I think that it does have to do with your taste buds, though. We did the food coloring dye-your-tastebuds and count a sample area thing and figured out that my dh who hates vegetables is a supertaster, and I am a nontaster. Makes sense, considering I think that cabbage and kale are on the sweet side. lol The only flavor where this falls apart is salt--dh always wants more salt, and I always want less. 

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  5. We are taking a trip soon, and I am looking for new audio books for my kiddos. They are 5, 7, and 10. Recent favorites include the Chasing Vermeer trilogy, The Matchstick Castle, The Carpet People, The Wind in the Willows, and Alice in Wonderland/Through the Looking Glass. Recent duds include The Five Little Peppers and How They Grew...well, I guess that was the only one they didn't like. If your kids liked the above stories, what are some others that they liked? Thanks. 

  6. I am currently reading a book that speaks to me, but I have the sense of humor of a 12 y/o boy so it may not work for you. It's called "Unf*ck Your Habitat" by Rachel Hoffman. It recommends NOT doing a giant cleaning marathon, but starting out the way you'll be continuing--short bursts of cleaning followed by a break. There are lists of things to clean and instructions for basic cleaning tasks, and directions like "clean all the sh*t off the top of your nightstand." I like it, many may not. lol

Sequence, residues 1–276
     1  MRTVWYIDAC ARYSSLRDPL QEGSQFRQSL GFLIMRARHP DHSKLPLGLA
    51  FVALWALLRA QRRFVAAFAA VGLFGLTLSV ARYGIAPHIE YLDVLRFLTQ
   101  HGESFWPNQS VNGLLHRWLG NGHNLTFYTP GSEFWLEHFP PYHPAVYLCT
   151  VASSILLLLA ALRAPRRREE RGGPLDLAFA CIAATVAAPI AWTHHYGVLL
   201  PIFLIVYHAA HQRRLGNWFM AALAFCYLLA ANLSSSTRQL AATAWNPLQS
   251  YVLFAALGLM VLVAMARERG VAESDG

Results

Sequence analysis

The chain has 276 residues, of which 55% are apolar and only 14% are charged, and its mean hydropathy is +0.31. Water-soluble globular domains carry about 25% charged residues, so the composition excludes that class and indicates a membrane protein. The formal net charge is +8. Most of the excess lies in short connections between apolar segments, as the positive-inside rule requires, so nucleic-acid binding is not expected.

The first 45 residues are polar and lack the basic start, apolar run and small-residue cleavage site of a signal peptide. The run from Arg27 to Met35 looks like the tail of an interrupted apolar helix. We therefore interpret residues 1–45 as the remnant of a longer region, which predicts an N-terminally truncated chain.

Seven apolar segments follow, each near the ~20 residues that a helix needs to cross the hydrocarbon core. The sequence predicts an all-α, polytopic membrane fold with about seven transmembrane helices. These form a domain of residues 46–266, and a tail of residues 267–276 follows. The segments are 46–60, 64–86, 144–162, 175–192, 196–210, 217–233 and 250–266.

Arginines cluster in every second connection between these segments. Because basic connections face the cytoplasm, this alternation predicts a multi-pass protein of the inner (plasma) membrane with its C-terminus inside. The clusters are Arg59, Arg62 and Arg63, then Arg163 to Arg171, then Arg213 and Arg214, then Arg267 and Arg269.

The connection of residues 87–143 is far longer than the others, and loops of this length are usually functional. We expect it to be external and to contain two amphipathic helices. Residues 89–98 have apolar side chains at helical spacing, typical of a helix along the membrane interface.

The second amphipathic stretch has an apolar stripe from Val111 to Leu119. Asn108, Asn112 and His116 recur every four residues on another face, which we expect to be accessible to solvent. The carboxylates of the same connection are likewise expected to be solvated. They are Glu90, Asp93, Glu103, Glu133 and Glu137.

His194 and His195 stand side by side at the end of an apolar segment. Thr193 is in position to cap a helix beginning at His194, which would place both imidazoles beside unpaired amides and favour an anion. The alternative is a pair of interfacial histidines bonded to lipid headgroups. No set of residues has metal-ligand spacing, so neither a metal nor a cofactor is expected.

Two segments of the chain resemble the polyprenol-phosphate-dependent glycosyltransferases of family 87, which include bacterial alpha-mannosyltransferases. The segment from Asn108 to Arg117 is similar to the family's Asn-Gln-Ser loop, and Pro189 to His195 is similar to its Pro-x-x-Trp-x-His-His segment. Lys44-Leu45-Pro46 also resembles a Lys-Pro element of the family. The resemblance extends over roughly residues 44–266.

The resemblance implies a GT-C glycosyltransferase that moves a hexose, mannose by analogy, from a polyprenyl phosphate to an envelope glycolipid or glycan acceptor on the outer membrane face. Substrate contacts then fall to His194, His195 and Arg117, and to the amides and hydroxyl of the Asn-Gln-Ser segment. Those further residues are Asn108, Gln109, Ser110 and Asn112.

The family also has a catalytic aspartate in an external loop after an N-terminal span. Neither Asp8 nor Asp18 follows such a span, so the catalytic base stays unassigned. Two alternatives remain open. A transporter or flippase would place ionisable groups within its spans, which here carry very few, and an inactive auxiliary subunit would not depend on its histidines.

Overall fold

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  7. I know that I'm supposed to hate Amazon, especially since I've worked at bookstores, including one that has since shut down, for multiple reasons but a big one being Amazon....but I still love it. Not especially for books--I tend to check my library, my local bookstores, and Better World Books before Amazon--but for all of the random stuff that one needs for life that necessitates going to a million stores for one thing each. Ordering online is orders of magnitude easier than dragging my kids into 27 stores for one thing. And we love Amazon music. Yeah, the interface stinks, but we're in the car a lot and having a variety of music keeps us sane. 

  8. What are the most useful add-ons? I recently bought a used Magiscope listed "for parts" for $25. It's actually in great shape, but it needs a new lumarod. Since I have to order a replacement lumarod, what else should I consider? I'm pretty sure I'll order the 10x eyepiece and the 10x objective, since my scope only had the standard 5x eye and 4x obj. Are any of the other accessories must-haves? Thanks. 

  9. 11 hours ago, Ellie said:


    I had the worst fear-of-heights experience there.